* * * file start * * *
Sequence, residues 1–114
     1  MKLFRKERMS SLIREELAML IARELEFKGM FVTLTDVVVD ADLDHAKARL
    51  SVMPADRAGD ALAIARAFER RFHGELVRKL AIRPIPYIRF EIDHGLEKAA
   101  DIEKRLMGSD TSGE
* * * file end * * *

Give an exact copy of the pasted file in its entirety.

Sequence, residues 1–114
     1  MKLFRKERMS SLIREELAML IARELEFKGM FVTLTDVVVD ADLDHAKARL
    51  SVMPADRAGD ALAIARAFER RFHGELVRKL AIRPIPYIRF EIDHGLEKAA
   101  DIEKRLMGSD TSGE